Just about all Rx's have some type of possible side-affect. the VA doesn't lock you into the (1) drug.
As to Butcher's situation. You know, all Private Hospital ER's must treat you, right. It doesn't matter what your Insurance situation is, Private, VA or Uninsured. Hospitals, unlike Private Dr's, can not refuse a Vet using the VA Emergency Room coverage. I don't think that is Butcher's problem.
VA regulations covering Non-VA Hospital ER coverage requires the Vet, Hospital ER Staff and/or the Vet's next Of-Kin, to notify the nearest VMC almost immediately, regarding the Non-VMC ER Admission. Doing so gets the entire ER Bill covered, not doing so puts you in a real Trick Bag. Given the option, Private Hospitals will go to the fastest and most lucrative payer, Insurance Companies, private Individual and lastly the VA. If the VMC doesn't have a bed or Care required by the Vet's ER Condition, the VMC Chief can authorize continued care after the the Vet is Stabilized. Otherwise, the VMC will arrange Ambulance transfer to the VMC after the VEt is stabilized.
The Rule of Thumb for Vet's, present your VA ID and request the ER Staff contact the nearest VMC. Keep your Medicare or other Medical Insurance card, hidden in your wallet (Don't mention your other Ins coverage), incase your unconscious and not accompanied by a knowledgeable family member. Both Medicare and Private Insurance companies have a sizable co-pays, 20% of $100K, would definitely FU your Day. Don't take the chance, follow the VA Rules, much easier and less stress.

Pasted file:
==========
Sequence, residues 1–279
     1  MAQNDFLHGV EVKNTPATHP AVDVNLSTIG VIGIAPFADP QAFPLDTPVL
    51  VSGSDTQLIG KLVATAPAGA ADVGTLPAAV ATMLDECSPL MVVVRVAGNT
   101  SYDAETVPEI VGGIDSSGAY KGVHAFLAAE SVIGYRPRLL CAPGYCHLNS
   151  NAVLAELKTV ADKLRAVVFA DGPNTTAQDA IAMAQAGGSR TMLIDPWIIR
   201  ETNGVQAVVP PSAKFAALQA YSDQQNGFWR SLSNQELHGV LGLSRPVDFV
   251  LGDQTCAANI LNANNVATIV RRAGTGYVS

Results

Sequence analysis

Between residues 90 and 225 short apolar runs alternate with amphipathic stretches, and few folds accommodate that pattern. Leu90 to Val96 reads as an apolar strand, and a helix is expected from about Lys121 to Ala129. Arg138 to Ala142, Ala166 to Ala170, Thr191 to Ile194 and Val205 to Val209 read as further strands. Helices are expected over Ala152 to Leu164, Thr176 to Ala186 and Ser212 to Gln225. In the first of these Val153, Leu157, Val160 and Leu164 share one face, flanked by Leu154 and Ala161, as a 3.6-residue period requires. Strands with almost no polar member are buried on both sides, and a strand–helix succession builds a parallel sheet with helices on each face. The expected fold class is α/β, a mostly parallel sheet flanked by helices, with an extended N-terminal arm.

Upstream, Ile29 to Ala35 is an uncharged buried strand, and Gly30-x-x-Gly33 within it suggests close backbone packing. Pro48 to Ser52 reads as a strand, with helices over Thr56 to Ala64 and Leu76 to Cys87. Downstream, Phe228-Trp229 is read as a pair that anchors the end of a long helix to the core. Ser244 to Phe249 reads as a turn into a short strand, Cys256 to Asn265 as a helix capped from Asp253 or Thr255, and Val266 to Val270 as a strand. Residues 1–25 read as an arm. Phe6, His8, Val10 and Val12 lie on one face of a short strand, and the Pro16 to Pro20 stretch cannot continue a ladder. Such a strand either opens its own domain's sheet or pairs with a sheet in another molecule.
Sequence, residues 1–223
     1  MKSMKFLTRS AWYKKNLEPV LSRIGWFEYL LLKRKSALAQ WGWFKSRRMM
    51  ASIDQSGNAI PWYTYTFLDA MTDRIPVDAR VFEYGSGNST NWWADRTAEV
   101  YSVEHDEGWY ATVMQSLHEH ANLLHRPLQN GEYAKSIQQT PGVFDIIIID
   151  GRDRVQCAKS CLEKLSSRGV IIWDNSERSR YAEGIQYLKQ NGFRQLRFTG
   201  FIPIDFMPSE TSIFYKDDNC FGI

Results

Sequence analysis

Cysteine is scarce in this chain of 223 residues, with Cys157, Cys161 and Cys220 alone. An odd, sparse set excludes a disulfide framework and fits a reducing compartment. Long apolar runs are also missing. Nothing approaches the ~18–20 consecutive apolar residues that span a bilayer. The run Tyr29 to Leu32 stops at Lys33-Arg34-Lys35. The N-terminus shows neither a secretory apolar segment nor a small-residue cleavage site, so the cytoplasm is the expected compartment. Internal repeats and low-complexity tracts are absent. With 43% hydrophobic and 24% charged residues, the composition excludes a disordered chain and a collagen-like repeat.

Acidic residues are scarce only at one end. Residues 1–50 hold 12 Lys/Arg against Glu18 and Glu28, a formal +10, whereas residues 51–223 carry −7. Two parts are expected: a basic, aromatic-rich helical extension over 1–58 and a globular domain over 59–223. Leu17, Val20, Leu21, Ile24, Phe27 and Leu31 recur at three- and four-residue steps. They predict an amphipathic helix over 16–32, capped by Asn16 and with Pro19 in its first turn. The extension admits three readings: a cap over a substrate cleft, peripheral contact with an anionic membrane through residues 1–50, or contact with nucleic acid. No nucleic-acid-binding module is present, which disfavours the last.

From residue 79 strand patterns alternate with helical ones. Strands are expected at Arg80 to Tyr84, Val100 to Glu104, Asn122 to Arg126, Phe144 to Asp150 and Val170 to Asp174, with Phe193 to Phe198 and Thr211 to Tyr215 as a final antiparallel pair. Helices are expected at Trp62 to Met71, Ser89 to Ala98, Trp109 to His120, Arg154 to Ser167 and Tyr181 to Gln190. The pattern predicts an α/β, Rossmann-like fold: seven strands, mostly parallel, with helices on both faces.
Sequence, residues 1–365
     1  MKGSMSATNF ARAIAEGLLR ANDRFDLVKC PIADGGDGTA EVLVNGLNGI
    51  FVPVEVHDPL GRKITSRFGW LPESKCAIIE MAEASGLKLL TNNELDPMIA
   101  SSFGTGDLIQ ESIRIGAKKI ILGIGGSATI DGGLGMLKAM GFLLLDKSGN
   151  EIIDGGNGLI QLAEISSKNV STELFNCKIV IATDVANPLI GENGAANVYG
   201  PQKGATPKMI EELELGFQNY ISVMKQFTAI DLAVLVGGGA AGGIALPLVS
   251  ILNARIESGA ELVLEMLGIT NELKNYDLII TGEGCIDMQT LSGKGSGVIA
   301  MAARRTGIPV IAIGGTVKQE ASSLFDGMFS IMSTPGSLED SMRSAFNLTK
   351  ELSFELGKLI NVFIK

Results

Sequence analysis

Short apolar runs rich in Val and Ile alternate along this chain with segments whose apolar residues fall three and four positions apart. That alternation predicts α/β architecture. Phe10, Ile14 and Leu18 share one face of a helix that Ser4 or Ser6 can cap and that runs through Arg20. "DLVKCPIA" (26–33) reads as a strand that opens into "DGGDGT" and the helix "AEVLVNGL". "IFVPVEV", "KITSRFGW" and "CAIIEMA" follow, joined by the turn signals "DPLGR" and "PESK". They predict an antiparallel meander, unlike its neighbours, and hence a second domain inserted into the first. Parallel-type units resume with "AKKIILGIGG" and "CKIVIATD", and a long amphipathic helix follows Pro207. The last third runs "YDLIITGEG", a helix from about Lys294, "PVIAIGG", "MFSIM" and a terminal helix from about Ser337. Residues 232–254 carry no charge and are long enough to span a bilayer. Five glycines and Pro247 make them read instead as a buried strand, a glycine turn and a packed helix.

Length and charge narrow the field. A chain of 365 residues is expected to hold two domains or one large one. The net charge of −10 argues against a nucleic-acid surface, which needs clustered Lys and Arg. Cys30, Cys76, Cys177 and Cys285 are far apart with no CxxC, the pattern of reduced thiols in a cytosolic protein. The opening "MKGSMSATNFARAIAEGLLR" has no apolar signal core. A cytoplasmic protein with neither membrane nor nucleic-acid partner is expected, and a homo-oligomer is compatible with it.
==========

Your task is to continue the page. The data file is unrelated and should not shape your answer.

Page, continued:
VHA Directive 2013-002
Quote from the directive:
"(a) A “no wrong door” philosophy must be adopted to accommodate Veterans bringing a DBQ to a VHA facility. Veterans may ask their Primary Care Providers (PCPs) and Specialists to complete a DBQ for conditions which are already diagnosed and documented and for which the PCP or Specialist is treating the Veteran. DBQs can be completed during a routine office visit when there is sufficient time and the medical information is available. DBQs can also be completed outside of an office visit, or an appointment can be scheduled for completion. A DBQ completed by a PCP or Specialist is considered by VBA as medical evidence to support the Veteran’s claim. VHA DIRECTIVE 2013-002 January 14, 2013 3
(b) If the VHA clinician is not confident completing a DBQ or finds the DBQ requires diagnostic testing not indicated in the history or current symptoms, or would otherwise be inappropriate to complete, the VHA clinician must not complete the DBQ but assist the Veteran in filing a claim for disability benefits. Depending on local processes, this may include directing the Veteran to the Veterans On-Line Application (VONAPP); to the VA benefits call center at 1-800-827-1000; to a Veterans Service Organization representative; or to other local resources.
(c) VHA clinicians who are not disability examiners may complete DBQs via the CAPRI or SMART programs, when available. DBQs may also be completed through the Web site: http://www.benefits.va.gov/TRANSFORMATION/disabilityexams/. If a paper version of a DBQ is presented by a Veteran for completion, staff must copy the completed form to scan into the Computerized Patient Record System (CPRS). The original DBQ form must be returned to the Veteran so that the Veteran can submit it to VBA.